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One person cutting a length of kickboard with a circular saw while another person holds the end

Overview

Kickboards are one of the last things you install when you are building a kitchen. We'll teach you how to measure up your drilling points properly and install your kickboards neatly. You will also learn how to protect the laminate surface while you cut.

Steps

1Prepare the kickboards for cutting

Measure the lengths your kickboards need to cover under your cabinets and mark them up with a combination square. To protect the front of the laminate from the teeth of your saw blade, lay your board face down on the sawhorses and cover your cut lines with masking tape. 
A person kneeling on the floor measuring the length of a cabinet

2Cut the kickboard to size

Put some cardboard under the kickboard and clamp it to the sawhorses. This will help protect the front face from scratching. Then use your circular saw to trim the kickboard to size. To ensure you get a really clean cut, have someone hold the offcut as you saw. This stops the offcut snapping off early and stripping the laminate.
One person cutting a length of kickboard with a circular saw while another person holds the end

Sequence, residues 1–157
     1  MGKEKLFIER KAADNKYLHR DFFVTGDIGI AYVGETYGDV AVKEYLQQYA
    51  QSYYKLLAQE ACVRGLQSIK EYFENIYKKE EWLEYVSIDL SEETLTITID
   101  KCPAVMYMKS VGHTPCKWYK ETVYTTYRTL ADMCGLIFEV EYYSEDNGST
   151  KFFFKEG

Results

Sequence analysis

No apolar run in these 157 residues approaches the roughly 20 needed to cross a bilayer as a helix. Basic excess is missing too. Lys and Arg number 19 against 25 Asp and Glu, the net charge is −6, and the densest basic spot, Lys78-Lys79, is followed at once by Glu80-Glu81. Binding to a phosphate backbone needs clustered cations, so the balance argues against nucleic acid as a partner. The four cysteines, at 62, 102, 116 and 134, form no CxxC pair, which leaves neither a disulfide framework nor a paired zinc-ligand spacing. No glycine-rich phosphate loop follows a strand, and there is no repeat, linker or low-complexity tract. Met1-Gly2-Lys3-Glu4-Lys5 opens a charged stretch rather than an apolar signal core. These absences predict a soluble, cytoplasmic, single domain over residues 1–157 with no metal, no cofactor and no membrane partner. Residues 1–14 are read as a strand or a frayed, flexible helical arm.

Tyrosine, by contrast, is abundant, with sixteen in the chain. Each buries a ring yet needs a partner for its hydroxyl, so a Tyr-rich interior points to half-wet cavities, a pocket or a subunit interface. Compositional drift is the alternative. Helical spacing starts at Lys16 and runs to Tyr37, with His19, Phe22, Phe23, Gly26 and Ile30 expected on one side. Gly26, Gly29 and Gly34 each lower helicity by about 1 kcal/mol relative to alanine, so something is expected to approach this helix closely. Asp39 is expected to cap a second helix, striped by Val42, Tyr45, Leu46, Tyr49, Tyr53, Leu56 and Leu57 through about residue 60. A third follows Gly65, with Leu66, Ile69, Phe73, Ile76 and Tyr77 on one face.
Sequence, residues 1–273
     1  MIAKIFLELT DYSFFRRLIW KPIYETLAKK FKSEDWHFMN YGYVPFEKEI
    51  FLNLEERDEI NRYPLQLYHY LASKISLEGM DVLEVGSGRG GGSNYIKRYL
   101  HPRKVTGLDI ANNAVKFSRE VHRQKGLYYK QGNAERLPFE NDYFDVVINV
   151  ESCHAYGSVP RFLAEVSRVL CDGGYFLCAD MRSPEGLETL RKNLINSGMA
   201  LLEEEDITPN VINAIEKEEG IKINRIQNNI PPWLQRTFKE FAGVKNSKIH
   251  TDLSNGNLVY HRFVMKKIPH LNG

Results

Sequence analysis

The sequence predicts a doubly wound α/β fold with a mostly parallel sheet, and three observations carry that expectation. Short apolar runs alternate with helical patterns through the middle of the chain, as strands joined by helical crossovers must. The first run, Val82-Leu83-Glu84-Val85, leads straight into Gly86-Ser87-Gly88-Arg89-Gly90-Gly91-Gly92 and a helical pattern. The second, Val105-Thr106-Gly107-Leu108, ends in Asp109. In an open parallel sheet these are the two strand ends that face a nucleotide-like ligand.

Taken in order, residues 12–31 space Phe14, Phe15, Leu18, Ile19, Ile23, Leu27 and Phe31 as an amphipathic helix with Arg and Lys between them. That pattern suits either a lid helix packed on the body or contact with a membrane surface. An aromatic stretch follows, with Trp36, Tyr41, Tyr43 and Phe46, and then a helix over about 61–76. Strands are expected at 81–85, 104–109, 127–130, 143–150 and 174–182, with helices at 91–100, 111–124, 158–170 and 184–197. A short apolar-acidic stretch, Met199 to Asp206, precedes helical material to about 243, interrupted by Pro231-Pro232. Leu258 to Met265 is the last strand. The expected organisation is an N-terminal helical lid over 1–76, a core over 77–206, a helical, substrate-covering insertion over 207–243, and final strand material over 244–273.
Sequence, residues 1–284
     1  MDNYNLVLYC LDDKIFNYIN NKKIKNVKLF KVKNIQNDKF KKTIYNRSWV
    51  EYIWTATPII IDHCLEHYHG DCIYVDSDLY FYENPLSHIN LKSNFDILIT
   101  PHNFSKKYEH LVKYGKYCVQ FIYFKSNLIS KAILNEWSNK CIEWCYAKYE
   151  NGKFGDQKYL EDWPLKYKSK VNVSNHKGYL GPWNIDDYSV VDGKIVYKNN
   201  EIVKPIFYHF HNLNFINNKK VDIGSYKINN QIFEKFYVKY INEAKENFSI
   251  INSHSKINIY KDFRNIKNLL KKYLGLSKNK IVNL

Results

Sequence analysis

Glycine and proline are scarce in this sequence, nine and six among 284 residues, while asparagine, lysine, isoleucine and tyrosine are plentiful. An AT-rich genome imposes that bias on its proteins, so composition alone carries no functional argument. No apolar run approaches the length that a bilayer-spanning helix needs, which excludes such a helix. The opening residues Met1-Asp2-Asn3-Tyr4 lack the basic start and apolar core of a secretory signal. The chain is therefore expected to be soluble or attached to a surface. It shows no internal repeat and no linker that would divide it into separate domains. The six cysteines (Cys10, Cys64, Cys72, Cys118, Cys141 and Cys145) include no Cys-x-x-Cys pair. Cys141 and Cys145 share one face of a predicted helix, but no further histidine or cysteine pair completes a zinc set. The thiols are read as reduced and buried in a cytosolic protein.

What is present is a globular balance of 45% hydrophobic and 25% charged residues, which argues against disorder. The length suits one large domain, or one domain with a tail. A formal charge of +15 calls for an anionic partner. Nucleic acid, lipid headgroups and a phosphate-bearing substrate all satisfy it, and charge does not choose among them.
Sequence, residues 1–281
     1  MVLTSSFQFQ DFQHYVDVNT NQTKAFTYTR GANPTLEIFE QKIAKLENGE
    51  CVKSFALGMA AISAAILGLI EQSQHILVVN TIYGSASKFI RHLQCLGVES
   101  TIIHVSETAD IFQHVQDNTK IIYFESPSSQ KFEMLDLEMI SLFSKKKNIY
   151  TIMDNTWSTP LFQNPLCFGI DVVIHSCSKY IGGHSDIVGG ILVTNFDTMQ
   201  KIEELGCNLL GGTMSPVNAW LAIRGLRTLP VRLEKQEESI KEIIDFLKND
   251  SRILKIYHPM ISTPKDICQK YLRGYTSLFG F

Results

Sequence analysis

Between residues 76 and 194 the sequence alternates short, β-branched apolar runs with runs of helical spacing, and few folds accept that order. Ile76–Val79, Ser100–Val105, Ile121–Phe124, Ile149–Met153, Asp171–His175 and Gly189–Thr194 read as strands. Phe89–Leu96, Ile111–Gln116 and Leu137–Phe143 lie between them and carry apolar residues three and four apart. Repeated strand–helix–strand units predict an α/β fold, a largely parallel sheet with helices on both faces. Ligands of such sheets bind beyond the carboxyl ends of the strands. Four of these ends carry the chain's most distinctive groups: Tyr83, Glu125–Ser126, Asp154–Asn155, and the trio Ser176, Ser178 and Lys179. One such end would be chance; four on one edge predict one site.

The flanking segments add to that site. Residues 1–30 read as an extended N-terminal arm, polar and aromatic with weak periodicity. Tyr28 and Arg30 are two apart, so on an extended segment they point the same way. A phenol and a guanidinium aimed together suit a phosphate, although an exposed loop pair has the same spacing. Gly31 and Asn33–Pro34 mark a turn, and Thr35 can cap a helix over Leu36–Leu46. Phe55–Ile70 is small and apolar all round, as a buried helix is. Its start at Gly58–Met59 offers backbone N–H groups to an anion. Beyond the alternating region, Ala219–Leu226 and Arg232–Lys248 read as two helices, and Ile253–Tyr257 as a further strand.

3Mark out the drilling points for the kickboard

Insert the kickboard under the cabinets, up against the legs. Now use your combination square to measure from the front of the cabinet to the kickboard. Then add half the thickness of your kickboard to that measurement to get your drilling distance. In this case, our kickboard is 19mm thick, so we add 9mm to our measurement and mark that line on our cabinets. 
A person marking a measurement on the bottom panel of a cabinet

4Install the kickboard

Remove the kickboard and drill pilot holes for the screws using the line marked out in the previous step. Drill two holes per cabinet, the whole way along the line. Then reinsert the kickboard and screw it into place using 28mm screws. To give your job a clean finish, drive your screws in until the heads ‘countersink' just below the surface.
A person inserting a screw through the bottom of a cabinet into the kickboard

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Health & Safety

Please make sure you use all equipment appropriately and safely when following the advice in these D.I.Y. videos. You need to be familiar with how to use equipment safely and follow the instructions that came with the equipment. If you are unsure, you may feel it is safest to consult an expert, such as the manufacturer or an expert Bunnings Team Member.

Grave health hazards are linked to asbestos, which may be in homes built up to 1990. Health hazards may result from exposure to lead-based paints in older materials and copper chromium arsenic (CCA) treated timber. For information on the dangers of asbestos, lead-based paint and CCA treated timber and tips for dealing with these materials contact your local council's Environmental Health Officer. You can also use a simple test kit from Bunnings to indicate the presence of lead-based paint.